Braving Buhay

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The last time I went to the Philippines was in 1996. I was two years old, so naturally, I don’t remember much. But after 18 years, I went back for spring break to visit relatives I had never actually met. We spent most of our time in and around Manila, but we also visited Barrio Tubigan, the small village, or “barangay,” where my mom grew up, and Tacloban, the town hit by Typhoon Haiyan last November. These photos are a mix of images of how people are recovering after the storm and of daily Filipino “buhay” — life.

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Antipolo, Rizal Province — A boy paddles past on a bamboo raft.

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Antipolo, Rizal Province — My uncle pit his two roosters against each other on the concrete rooftop of an unfinished apartment building. Cockfighting is frowned upon in various parts of the world, but in the Philippines, the sport is legal.

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Tubigan, Samar Province — After a 45-minute boat ride from Catbalogan, my family and I arrive at the village of my mother’s childhood. We are greeted by the welcoming committee pictured here, who, upon seeing my stepdad, admit they had never seen people who were “puti” — white — before.

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Tubigan, Samar Province — There is a river (or sapa) that runs through the island where people go to wash their clothes and bathe. The woman on the left was carrying travel-size packets of Tide detergent.

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Tubigan, Samar Province — Many people who live on Tubigan catch fish near the shore then sell their fish at various marketplaces, which they can only get to by boat.

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Tubigan, Samar — The island of Zumarraga is strewn with coconut trees. I saw this man walk away from one with a bag full of coconuts slumped over his shoulder. He hacked off the tops with a machete, and poured out the water inside. Once you empty a coconut, you can scrape out the “meat” from the inside walls and eat it.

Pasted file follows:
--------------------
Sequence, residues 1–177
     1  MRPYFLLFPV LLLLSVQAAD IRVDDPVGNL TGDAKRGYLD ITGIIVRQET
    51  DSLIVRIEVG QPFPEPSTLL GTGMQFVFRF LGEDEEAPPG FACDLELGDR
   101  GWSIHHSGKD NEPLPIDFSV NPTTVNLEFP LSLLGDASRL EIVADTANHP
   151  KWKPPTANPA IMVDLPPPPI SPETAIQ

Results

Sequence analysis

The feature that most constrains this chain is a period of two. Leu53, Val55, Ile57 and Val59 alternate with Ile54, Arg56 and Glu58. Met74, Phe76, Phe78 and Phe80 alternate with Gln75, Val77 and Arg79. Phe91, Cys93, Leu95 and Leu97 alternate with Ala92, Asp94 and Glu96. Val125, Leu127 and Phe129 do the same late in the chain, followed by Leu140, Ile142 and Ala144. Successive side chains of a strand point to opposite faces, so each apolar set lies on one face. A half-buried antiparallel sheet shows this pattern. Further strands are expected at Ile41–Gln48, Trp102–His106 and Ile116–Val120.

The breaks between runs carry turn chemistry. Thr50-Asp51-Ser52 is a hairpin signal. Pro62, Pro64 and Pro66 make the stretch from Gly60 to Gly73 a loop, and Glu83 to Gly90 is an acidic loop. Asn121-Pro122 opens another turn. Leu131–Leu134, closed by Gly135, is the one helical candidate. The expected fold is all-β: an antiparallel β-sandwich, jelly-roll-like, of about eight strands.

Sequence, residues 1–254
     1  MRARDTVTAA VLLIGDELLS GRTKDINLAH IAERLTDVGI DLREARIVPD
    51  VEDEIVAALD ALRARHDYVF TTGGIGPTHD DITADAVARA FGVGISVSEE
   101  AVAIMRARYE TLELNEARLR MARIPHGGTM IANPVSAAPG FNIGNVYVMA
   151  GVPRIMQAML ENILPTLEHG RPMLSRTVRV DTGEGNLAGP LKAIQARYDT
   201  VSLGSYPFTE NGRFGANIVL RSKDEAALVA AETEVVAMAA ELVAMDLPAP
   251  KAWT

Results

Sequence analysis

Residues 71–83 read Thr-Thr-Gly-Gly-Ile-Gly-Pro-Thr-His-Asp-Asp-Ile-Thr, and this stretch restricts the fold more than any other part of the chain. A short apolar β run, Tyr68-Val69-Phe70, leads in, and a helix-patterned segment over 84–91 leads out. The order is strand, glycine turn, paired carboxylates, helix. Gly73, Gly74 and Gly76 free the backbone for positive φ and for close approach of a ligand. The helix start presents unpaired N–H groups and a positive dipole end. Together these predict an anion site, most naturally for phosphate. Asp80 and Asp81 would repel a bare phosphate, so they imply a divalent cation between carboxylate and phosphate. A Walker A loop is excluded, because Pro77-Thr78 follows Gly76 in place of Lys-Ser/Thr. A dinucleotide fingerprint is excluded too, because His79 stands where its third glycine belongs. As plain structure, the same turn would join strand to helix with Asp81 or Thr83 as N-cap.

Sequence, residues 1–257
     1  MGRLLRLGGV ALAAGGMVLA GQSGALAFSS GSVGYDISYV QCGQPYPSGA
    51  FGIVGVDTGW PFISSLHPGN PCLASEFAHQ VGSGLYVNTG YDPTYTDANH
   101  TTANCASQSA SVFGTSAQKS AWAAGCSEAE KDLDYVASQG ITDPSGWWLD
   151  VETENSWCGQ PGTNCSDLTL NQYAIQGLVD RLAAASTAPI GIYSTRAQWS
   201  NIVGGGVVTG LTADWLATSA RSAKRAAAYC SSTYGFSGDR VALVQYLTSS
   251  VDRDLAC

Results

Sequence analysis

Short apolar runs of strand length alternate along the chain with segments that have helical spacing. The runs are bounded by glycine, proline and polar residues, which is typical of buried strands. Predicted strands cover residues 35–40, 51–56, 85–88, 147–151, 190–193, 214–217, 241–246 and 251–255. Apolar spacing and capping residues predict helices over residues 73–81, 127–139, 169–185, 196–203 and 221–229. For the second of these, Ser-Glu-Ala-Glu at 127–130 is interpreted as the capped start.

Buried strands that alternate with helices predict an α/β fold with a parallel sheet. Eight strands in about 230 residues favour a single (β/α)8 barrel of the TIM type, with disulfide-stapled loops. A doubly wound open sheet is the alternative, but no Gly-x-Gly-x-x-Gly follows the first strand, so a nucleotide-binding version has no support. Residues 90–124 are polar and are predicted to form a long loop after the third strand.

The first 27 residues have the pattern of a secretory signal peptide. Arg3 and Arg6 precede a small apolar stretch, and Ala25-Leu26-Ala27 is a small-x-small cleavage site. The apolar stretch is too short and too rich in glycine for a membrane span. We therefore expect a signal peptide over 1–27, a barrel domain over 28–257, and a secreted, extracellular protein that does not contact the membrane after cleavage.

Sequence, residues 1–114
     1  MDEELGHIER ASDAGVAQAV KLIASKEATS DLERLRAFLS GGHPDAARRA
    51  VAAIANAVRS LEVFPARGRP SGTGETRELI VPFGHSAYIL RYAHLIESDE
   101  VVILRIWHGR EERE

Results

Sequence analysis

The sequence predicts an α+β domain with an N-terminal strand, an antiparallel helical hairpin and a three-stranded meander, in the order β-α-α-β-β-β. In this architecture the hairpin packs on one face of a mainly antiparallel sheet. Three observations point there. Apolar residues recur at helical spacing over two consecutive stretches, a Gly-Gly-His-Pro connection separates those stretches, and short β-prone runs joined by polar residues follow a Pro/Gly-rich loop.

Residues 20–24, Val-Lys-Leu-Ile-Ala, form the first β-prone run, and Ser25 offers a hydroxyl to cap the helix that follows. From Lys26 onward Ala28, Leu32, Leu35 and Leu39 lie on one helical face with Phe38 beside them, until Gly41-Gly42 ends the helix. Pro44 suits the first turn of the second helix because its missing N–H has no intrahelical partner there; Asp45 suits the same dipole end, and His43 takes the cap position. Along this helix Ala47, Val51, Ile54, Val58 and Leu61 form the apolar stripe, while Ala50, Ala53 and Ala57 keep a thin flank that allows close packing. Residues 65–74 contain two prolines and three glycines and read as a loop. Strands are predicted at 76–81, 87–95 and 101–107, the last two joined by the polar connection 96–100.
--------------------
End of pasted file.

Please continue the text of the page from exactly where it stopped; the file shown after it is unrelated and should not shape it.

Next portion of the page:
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Manila, Rizal Province — A group of women perform a Filipino folk dance. Many traditional Filipino dances have a very apparent Spanish influence, but this group made sure to also perform dances not touched by colonization.

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Catbalogan, Samar Province — This photo reminds me of a spread in an I Spy book. The vibrant fruits and vegetables were what initially caught my lens, but my eyes ultimately landed on the child staring at me while eating a piece of mango.

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Catbalogan, Samar Province — A boy scours through trash looking for his toy that fell into the water.

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Catbalogan, Samar Province — Catbalogan is the capital of the Samar province, and the main commerical and trading center. A man slides some fish along the banana leaves and into a bag for a customer.

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Tacloban, Leyte Province — Typhoon Haiyan lasted eight days. It killed over 6,000 people, displaced 600,000 and left 1.9 million homeless. Five months later, thousands of people are living in shacks made of tarp, driftwood and tree branches.

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 Tacloban, Leyte Province — The typhoon tore the roof completely off of this church and tossed over a dozen 100-lb. pews across the room. The front of the church was adorned with ribbons with the names of missing parishioners.

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 Tacloban, Leyte Province — Those whose churches were damaged in the storm seek other places to pray.

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Manila, Rizal Province — The United States’ occupation of the Philippines had a profound influence in Filipino culture that you can still see today. You’ll find American products in stores everywhere, and even watch Filipino musicians perform American pop music on Filipino TV stations.

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Manila, Rizal Province — 9 a.m.: A family comes out of their home to welcome the day.